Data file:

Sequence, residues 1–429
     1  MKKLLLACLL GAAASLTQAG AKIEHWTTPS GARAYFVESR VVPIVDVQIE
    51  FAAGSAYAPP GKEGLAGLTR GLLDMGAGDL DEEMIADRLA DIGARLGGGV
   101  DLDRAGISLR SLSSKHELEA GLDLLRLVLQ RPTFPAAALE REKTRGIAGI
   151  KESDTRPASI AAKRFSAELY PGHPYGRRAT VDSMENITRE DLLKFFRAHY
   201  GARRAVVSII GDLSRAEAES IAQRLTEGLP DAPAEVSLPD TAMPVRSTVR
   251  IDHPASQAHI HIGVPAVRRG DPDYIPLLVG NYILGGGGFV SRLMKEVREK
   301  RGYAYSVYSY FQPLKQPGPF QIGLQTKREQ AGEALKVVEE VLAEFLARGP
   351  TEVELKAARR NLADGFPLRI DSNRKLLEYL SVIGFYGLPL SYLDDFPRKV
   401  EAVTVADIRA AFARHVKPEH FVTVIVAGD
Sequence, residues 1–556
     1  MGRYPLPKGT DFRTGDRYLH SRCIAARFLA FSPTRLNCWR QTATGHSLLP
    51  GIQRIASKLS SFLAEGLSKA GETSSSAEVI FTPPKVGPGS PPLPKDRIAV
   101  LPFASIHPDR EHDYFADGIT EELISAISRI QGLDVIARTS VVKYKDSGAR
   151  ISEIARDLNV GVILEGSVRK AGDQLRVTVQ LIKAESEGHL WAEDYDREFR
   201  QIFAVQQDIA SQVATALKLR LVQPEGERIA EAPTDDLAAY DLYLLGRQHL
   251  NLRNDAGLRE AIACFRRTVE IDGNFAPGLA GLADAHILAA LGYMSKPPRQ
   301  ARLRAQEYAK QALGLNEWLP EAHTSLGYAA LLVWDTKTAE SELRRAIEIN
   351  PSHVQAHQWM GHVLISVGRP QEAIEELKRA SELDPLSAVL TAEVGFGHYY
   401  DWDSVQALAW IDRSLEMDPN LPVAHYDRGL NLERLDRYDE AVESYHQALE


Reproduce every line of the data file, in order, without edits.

Sequence, residues 1–429
     1  MKKLLLACLL GAAASLTQAG AKIEHWTTPS GARAYFVESR VVPIVDVQIE
    51  FAAGSAYAPP GKEGLAGLTR GLLDMGAGDL DEEMIADRLA DIGARLGGGV
   101  DLDRAGISLR SLSSKHELEA GLDLLRLVLQ RPTFPAAALE REKTRGIAGI
   151  KESDTRPASI AAKRFSAELY PGHPYGRRAT VDSMENITRE DLLKFFRAHY
   201  GARRAVVSII GDLSRAEAES IAQRLTEGLP DAPAEVSLPD TAMPVRSTVR
   251  IDHPASQAHI HIGVPAVRRG DPDYIPLLVG NYILGGGGFV SRLMKEVREK
   301  RGYAYSVYSY FQPLKQPGPF QIGLQTKREQ AGEALKVVEE VLAEFLARGP
   351  TEVELKAARR NLADGFPLRI DSNRKLLEYL SVIGFYGLPL SYLDDFPRKV
   401  EAVTVADIRA AFARHVKPEH FVTVIVAGD
Sequence, residues 1–556
     1  MGRYPLPKGT DFRTGDRYLH SRCIAARFLA FSPTRLNCWR QTATGHSLLP
    51  GIQRIASKLS SFLAEGLSKA GETSSSAEVI FTPPKVGPGS PPLPKDRIAV
   101  LPFASIHPDR EHDYFADGIT EELISAISRI QGLDVIARTS VVKYKDSGAR
   151  ISEIARDLNV GVILEGSVRK AGDQLRVTVQ LIKAESEGHL WAEDYDREFR
   201  QIFAVQQDIA SQVATALKLR LVQPEGERIA EAPTDDLAAY DLYLLGRQHL
   251  NLRNDAGLRE AIACFRRTVE IDGNFAPGLA GLADAHILAA LGYMSKPPRQ
   301  ARLRAQEYAK QALGLNEWLP EAHTSLGYAA LLVWDTKTAE SELRRAIEIN
   351  PSHVQAHQWM GHVLISVGRP QEAIEELKRA SELDPLSAVL TAEVGFGHYY
   401  DWDSVQALAW IDRSLEMDPN LPVAHYDRGL NLERLDRYDE AVESYHQALE